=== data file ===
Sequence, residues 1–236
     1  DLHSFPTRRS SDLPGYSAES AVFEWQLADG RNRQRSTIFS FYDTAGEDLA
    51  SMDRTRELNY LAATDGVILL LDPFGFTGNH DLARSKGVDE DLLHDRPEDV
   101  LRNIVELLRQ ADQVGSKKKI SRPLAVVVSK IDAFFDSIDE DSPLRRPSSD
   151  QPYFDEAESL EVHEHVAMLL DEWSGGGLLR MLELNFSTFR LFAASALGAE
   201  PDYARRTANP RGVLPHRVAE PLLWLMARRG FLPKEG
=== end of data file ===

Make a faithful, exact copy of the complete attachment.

Sequence, residues 1–236
     1  DLHSFPTRRS SDLPGYSAES AVFEWQLADG RNRQRSTIFS FYDTAGEDLA
    51  SMDRTRELNY LAATDGVILL LDPFGFTGNH DLARSKGVDE DLLHDRPEDV
   101  LRNIVELLRQ ADQVGSKKKI SRPLAVVVSK IDAFFDSIDE DSPLRRPSSD
   151  QPYFDEAESL EVHEHVAMLL DEWSGGGLLR MLELNFSTFR LFAASALGAE
   201  PDYARRTANP RGVLPHRVAE PLLWLMARRG FLPKEG